Final score on the future of New York’s production tax credit program: film 1, TV 0.

A new $350 million in tax credits are due to be signed into the budget by Gov. David Paterson today, but the program is guaranteed to continue only for one year. Some biz-friendly lawmakers and industry leaders are worried that the extension to the tax credit program won’t be enough to keep up the crucial influx of TV shows into New York. That limitation could prove much more harmful in 2009-10 than it would have in previous fiscal years.

There’s frustration with the new plan, tempered with gratitude, on both sides of the negotiating table. Paterson’s original budget had allocated no further credits for the program at all, but the compromise reached last week feels to many in the biz like too little for too short a time frame.

The crux of the problem, according to lawmakers who support the extension of the program, is that most of their colleagues in Albany see the $350 million in credits as a budget outlay, when in fact it’s an allocation for refunds that are issued long after a given production has already paid out far more in local and state taxes than it will receive in a refund. In effect, it’s a tax credit that more than pays for itself in terms of new lensing activity attracted to the state.

“One of the difficulties in this has been explaining that the more we spend, the more we make,” explained Assemblyman Michael Gianaris. “And even people who do understand it refuse to view it that way in the context of the budget. The $350 million is viewed as a $350 million outlay. It’s difficult to get people to understand that by limiting this program, we’re limiting our own revenue.”

With Wall Street’s woes and the demise of institutions like Lehman Brothers and Bear Stearns, the state needs to do everything it can to nurture its tax base.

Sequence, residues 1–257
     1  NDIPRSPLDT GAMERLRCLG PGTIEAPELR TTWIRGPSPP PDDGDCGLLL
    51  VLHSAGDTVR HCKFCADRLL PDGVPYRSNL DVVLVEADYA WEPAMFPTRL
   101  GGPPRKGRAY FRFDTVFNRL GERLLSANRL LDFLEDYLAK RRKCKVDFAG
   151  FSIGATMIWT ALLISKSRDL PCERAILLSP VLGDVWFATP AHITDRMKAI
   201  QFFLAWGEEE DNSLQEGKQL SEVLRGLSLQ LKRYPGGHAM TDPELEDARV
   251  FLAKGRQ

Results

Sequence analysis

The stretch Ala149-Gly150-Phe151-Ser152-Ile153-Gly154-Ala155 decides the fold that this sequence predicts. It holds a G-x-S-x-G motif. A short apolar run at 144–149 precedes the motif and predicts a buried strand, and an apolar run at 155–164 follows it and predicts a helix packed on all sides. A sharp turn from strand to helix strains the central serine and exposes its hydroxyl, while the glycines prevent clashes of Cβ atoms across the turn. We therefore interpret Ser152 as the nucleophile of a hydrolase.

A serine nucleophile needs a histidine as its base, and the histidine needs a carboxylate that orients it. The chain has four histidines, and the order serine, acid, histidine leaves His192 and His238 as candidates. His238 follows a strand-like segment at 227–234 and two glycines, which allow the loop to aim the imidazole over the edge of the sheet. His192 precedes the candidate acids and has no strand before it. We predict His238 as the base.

“A lot of people have said it’s crucial to diversify our economy beyond financial services,” Gianaris said. “And in that respect as well as others, (the tax credit program) has been a smashing success… I hope that before we do too much damage to the industry, we go back and fix it.”

Gianaris and others hope the increased allotment will be enough to retain New York’s current TV shows — “30 Rock,” “In Treatment,” “Ugly Betty” and “Law and Order,” among others. But some old shows and several new ones are moving away. The state will lose revenue from Fox’s “Fringe,” which moved to Vancouver, and ABC’s “Life on Mars,” which was canceled; the pilot for a prospective new ABC series, “Empire State,” is shooting in Rhode Island.

John Johnston, head of the New York Production Alliance, observed that warning signs have been around for months now. Only two broadcast network pilots have lensed in Gotham this pilot season vs. 16 last year.

“We can’t revise the program on a year-to-year basis and expect television series to relocate to New York,” Johnston said. “On the one hand, history tells us that we’ll easily use (the new $350 million) within a year, and it doesn’t preclude big features coming into the city, but we’re just not gonna see the series.”

Johnston’s constituency has the most to lose from the absence of new TV shows: The studios can go to other states, but local unions have to take local work. Still, Johnston says everyone is grateful that they have something to tide them over. “We pretty much have got a lifeline here — we are appreciative and grateful that the governor and the legislature have recognized the importance of the business. They’re getting killed from all sides on this budget.”

The last month has seen protests in Albany, unflattering media coverage of the governor and much griping over cutbacks and fare hikes at the MTA, so it’s unsurprising that the film tax credit was not at the top of lawmakers’ to-do list.

But not everyone in Gotham’s production community is bemoaning the limits on the program. Doug Steiner, prexy of Steiner Studios and the architect of the original incentive program that bowed in 2005, said the $350 million is a good sign of support from Albany given the state of the economy and the furor surrounding the state’s $14 billion budget deficit.

Steiner suggests that this is “the right signal to Hollywood. We’ve gone to Albany four times and we’ve always gotten what we’ve requested, and we can go back. As times improve and things level out, it’ll be easier.”

Source: Variety

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Your email address will not be published. Required fields are marked *